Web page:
Facebook has strongly denied allegations it routinely suppressed news stories that supported conservative political viewpoints in its 'Trending Topics' section.
A recent report from Gizmodo claimed that the social media giant had an editorial team of contractors who stopped articles from conservative sites appearing in the influential news section, even if they were trending on the network.
It's also alleged that workers were told to inject selected stories into the trending news module, including those not popular enough to warrant inclusion, and were instructed not to include any news about Facebook itself.
In response to the report, Facebook's VP of Search, Tom Stocky, wrote that the site had "found no evidence that the anonymous allegations are true."
Facebook does not allow or advise our reviewers to systematically discriminate against sources of any ideological origin and we've designed our tools to make that technically not feasible. At the same time, our reviewers' actions are logged and reviewed, and violating our guidelines is a fireable offense. There are rigorous guidelines in place for the review team to ensure consistency and neutrality. These guidelines do not permit the suppression of political perspectives. Nor do they permit the prioritization of one viewpoint over another or one news outlet over another. The guidelines do not prohibit any news outlet from appearing in Trending Topics.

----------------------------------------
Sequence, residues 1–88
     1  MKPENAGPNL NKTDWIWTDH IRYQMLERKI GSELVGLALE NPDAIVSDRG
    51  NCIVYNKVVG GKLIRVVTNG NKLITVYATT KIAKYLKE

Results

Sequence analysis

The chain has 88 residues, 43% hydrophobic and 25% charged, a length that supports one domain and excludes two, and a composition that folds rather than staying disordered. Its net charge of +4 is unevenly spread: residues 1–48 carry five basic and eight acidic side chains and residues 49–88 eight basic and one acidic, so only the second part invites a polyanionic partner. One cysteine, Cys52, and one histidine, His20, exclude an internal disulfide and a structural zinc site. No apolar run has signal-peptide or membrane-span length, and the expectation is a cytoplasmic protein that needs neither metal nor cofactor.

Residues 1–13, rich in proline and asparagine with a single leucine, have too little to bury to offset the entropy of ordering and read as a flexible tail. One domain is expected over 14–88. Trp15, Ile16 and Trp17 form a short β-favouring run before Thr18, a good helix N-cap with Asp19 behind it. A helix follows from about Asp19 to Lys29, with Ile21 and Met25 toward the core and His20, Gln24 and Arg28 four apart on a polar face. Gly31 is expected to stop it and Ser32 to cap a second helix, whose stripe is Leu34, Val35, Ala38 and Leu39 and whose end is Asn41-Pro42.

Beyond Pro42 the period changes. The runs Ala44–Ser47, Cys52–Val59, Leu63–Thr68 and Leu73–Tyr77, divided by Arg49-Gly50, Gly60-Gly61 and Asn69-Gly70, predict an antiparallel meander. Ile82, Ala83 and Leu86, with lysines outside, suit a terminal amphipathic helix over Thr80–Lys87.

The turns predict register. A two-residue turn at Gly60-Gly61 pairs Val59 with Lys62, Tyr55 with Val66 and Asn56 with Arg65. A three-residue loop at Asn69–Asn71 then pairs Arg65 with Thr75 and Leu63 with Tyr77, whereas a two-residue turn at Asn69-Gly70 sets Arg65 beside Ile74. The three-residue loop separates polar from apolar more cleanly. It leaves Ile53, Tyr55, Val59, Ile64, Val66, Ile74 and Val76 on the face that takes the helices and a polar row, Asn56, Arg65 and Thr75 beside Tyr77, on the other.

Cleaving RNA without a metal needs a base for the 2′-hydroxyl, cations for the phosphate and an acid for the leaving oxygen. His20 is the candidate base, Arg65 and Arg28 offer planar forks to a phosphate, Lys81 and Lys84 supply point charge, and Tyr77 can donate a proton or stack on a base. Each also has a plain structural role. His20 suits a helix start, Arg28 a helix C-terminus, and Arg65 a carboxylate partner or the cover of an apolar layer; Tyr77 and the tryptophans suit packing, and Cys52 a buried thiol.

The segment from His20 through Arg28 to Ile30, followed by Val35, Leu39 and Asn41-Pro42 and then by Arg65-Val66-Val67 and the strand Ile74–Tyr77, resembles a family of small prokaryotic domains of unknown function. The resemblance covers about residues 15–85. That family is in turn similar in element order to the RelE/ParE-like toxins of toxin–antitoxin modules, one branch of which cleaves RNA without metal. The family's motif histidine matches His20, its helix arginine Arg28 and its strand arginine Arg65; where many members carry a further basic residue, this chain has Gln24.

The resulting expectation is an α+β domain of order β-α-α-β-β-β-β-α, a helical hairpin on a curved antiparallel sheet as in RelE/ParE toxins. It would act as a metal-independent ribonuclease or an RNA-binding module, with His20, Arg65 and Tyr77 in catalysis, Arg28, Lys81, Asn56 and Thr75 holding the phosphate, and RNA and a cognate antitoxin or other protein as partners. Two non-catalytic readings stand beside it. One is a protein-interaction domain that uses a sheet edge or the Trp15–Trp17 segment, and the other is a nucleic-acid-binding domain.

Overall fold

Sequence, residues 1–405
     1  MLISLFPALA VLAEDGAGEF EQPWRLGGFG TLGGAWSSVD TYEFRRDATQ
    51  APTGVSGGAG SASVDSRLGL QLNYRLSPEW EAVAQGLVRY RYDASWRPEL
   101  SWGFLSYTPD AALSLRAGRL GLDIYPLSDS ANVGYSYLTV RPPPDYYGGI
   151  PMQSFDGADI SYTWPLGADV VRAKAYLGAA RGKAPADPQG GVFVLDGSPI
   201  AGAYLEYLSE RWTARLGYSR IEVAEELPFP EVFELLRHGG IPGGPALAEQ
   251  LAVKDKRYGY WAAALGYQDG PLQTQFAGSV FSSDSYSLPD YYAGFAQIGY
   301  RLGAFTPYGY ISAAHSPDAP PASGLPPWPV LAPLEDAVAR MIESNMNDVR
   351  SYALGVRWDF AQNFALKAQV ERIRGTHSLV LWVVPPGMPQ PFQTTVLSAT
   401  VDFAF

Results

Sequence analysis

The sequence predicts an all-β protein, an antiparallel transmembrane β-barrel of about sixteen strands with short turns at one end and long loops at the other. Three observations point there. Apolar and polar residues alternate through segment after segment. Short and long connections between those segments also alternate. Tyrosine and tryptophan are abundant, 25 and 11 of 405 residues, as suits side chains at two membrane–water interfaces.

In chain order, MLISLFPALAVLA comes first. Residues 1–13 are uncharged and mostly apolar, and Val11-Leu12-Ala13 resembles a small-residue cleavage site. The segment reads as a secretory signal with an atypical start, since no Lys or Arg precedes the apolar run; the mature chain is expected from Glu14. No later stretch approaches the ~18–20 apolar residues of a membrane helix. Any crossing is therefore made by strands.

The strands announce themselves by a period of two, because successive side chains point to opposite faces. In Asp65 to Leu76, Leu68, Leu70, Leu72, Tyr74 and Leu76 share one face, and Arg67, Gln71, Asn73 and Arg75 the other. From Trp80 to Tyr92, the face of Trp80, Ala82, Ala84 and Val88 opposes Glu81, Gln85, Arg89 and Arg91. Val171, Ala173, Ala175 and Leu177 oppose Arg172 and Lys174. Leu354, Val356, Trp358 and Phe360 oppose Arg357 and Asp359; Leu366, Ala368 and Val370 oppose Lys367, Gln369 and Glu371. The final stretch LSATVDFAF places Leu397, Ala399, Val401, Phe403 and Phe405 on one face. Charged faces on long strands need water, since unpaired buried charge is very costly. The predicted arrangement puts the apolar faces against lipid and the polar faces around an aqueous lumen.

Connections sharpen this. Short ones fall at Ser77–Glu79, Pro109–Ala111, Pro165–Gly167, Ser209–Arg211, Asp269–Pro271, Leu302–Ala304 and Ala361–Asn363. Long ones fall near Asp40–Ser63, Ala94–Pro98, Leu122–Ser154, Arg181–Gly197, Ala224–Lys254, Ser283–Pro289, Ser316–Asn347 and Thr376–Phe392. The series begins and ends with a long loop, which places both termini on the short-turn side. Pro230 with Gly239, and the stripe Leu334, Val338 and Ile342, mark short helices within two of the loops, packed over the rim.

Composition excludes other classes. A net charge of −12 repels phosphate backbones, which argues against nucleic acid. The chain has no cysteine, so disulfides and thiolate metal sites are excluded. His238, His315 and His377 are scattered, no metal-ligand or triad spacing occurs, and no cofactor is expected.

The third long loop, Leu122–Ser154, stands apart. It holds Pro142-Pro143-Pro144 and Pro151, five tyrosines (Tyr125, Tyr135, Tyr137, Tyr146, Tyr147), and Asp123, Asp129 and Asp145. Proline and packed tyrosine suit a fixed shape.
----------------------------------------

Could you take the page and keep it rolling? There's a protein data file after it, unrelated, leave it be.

It's starting to appear as if the allegations had been exaggerated. In a recent report from the New York Times, a former employee of Facebook's trend curation team suggests that any perceived censoring of trending topics was based on the curators deeming an article to be unreliable - its political leanings had no influence on whether it was included.
Additionally, the 'injected items' claim is said to be the result of Facebook's editors adding trending stories that hadn't been picked up by the algorithm.
Facebook explained that the trending news section is curated by humans rather than relying solely on an algorithm to avoid recurring popular themes from appearing. "Popular topics are first surfaced by an algorithm, then audited by review team members to confirm that the topics are in fact trending news in the real world and not, for example, similar-sounding topics or misnomers."
The report arrived after Facebook employees asked Mark Zuckerberg last month what responsibility the site had to prevent Donald Trump becoming president. A week later, the CEO indirectly called out the Republican presidential candidate at the F8 keynote when he said: "I hear fearful voices calling for building walls and distancing people they label as others."